Hey there, time traveller!
This article was published 2/5/2014 (1120 days ago), so information in it may no longer be current.
In two simple words, the title of the Winnipeg Symphony Orchestra's final Masterworks concert encapsulated the driving focus of its entire 2013/14 season: Carnegie Hall.
After seemingly endless months of anticipation, the WSO unveiled its auspicious, all-Canadian contemporary program Friday night it will perform next week at the Spring for Music (S4M) festival being held at New York City's Carnegie Hall. The 66-year-old orchestra was chosen from a competitive field of 33 North American orchestras to play at the four-year-old -- and final -- festival that runs May 5-10.
The first of the three works led by Alexander Mickelthwate, Symphony No. 1 in C minor is by Canada's senior statesman composer, R. Murray Schafer, originally premièred in March 2011 by the Toronto Symphony Orchestra.
Schafer has written a postmodern ode to the symphonic form, with its three episodic movements unfolding as a kaleidoscopic soundscape of both sound and texture.
Very Vigorously is taut with tension, filled with dramatic gesture and insistent interpolations by the various instrumental sections.
A rising oboe solo is followed by a flute; whiffs of winds rise like smoke from the solemn depths. Schafer has built a career on conceptual, environmentally influenced works; his first and only symphony is a masterful, abstract expression of the wider orchestral palette.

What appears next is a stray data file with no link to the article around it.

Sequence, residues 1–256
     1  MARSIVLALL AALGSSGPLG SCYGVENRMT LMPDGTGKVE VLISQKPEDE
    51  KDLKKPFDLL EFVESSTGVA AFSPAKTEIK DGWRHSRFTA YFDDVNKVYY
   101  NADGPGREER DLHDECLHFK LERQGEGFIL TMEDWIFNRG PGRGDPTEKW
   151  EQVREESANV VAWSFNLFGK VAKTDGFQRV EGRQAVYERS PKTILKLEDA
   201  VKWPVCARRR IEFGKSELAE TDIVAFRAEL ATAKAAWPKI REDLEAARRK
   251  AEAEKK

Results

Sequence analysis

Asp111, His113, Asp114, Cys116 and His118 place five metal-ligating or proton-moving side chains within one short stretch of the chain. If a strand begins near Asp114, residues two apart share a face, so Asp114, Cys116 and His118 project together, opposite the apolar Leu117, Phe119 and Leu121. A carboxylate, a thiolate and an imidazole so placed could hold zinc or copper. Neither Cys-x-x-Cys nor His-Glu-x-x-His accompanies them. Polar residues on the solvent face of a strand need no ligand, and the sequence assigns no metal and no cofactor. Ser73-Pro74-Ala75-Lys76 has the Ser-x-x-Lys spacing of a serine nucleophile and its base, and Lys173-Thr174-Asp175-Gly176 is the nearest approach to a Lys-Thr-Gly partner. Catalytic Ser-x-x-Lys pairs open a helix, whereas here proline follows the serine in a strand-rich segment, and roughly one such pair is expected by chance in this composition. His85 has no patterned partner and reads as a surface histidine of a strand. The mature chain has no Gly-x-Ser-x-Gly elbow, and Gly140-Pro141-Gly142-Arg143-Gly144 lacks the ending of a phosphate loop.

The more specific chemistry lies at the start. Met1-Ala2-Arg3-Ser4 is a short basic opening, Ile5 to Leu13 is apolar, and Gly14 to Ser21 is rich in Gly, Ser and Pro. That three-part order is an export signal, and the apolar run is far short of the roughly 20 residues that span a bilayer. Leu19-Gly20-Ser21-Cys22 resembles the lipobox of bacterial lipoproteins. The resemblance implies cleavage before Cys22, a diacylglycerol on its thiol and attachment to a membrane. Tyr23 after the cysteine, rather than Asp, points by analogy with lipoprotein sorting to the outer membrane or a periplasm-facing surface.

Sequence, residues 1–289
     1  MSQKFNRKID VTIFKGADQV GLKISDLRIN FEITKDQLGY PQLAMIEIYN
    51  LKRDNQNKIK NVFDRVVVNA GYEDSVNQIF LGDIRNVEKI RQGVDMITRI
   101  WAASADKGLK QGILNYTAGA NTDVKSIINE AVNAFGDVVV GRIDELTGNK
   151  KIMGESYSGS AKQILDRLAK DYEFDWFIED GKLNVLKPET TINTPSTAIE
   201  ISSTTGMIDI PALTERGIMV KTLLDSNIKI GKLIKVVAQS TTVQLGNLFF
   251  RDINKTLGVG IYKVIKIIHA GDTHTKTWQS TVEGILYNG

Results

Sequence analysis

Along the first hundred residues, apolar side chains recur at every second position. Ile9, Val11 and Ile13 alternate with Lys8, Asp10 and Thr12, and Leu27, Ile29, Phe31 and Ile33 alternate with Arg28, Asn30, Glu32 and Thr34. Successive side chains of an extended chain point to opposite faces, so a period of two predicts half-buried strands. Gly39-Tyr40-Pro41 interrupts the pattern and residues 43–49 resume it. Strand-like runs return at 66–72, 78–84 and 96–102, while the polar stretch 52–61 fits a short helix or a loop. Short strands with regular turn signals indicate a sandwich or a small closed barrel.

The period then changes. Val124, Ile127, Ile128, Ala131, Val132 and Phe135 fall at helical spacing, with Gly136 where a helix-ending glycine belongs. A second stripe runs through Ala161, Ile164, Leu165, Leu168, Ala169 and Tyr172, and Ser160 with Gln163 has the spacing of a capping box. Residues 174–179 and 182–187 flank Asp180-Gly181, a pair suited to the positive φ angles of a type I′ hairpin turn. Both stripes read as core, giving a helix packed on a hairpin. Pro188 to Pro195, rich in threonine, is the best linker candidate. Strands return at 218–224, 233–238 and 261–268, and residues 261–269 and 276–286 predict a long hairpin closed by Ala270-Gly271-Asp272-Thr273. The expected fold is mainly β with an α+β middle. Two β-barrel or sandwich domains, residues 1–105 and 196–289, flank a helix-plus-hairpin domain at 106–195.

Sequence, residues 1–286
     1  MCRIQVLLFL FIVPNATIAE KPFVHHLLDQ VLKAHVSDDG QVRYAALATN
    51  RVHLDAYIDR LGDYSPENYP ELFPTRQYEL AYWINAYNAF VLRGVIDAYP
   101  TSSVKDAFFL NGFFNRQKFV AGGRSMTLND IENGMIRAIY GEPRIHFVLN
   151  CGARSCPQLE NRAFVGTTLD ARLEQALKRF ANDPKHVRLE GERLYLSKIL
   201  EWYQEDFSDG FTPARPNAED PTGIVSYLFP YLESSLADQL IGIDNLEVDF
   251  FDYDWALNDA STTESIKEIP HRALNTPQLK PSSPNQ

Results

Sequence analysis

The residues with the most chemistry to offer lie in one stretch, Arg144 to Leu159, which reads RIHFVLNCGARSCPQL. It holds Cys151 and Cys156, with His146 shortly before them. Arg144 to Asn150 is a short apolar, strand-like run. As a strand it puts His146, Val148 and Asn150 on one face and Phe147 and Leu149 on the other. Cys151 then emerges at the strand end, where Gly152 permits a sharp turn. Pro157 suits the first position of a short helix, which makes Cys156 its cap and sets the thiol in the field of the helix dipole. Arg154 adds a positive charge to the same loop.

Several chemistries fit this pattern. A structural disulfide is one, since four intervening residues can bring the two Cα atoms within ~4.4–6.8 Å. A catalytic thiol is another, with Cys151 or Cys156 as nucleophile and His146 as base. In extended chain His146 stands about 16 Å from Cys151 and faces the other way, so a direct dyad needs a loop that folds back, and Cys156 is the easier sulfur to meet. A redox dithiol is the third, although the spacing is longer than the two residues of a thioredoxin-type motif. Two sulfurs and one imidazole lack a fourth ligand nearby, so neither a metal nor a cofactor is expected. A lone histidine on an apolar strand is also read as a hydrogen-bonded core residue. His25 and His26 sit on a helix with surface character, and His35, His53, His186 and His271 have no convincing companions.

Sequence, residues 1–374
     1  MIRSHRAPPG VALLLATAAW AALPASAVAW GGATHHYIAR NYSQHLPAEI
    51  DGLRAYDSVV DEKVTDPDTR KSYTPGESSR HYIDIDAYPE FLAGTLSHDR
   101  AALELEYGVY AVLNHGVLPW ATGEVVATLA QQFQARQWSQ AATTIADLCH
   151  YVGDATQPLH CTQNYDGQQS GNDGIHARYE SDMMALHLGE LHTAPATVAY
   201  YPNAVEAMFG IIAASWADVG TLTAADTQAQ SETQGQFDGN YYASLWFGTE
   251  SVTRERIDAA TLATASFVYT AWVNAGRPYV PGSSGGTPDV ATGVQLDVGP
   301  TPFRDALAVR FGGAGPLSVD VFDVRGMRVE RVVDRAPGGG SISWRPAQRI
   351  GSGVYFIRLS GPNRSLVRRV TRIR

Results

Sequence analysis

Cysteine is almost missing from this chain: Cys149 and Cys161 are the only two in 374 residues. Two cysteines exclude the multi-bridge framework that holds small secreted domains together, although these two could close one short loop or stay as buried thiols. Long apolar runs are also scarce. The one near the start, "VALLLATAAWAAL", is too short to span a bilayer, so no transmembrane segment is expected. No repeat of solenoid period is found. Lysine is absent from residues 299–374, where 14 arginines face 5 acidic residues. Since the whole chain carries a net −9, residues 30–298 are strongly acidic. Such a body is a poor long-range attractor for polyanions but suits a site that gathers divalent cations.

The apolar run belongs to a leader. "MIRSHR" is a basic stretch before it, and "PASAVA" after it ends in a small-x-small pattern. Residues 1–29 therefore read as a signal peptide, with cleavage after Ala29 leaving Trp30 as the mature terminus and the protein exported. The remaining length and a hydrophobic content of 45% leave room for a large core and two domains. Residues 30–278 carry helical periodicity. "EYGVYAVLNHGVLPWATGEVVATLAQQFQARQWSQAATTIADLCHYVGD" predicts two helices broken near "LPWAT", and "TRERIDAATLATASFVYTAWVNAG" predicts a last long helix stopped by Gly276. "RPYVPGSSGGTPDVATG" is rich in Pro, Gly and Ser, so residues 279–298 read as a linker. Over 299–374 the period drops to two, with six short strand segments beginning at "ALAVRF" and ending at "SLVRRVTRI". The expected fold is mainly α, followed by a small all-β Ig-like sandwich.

The second movement, Mysteriously is the most introspective of the three. Its low strings that begin the section are punctuated by bass-drum strikes. Whistling effects by the orchestra members resonate as a ghostly choir.
The third movement, Fast and Furious is just that, featuring muted brass, bursts of rapid-fire runs contrasted by a sauntering solo trumpet.
Derek Charke's Thirteen Inuit Throat Song Games, premièred by the WSO in 2010, is a playful, brilliantly conceived melting pot of classical and indigenous forces featuring acclaimed Inuit throat singer Tanya Tagaq.
The shorter work structured as 13 sections with titles including Sound of Water and Story of a Goose flows seamlessly, alternating between earthy folksy tunes and pure guttural utterances with the barefoot Tagaq adding her own growling, raspy counterpoint.
Charke has also imagined an entire spectrum of extended string techniques that emulate the otherworldly sounds of these age-old vocal games, called Katajjak. This is a significant Canadian work that should be performed on the Carnegie program; one note, however, is that the amplified Tagaq could -- and should -- have been louder to further increase her presence.
The program closes with Vincent Ho's barnburner The Shaman: Concerto for Percussion and Orchestra, composed especially for internationally renowned Scottish percussionist, Dame Evelyn Glennie in 2010 and the resounding hit of the WSO's New Music Festival in January 2011.
After an atmospheric opening signalled by delicate finger cymbals, Glennie -- as a modern-day shaman -- invokes the spirits with rattles, shakers and cymbals during the first movement Ritual that steadily grows in intensity.
The powerhouse performer also coaxed with the contemplative Fantasia -- Nostalgia that ultimately leads to Interlude: Conjuring the Spirits.
Fire Dance is an explosive tour de force with dramatic sweeps of orchestral colour becoming a canvas for Glennie's dazzling virtuosity. As expected, her performance earned a rousing standing ovation with cries of bravo.
There was even an encore -- the only choice for a program destined for the Big Apple -- Leonard Bernstein.
Bravo to the WSO and all its guest artists as they take the show on the road next week to Carnegie Hall.
The concert repeats tonight at 8 p.m. at the Centennial Concert Hall.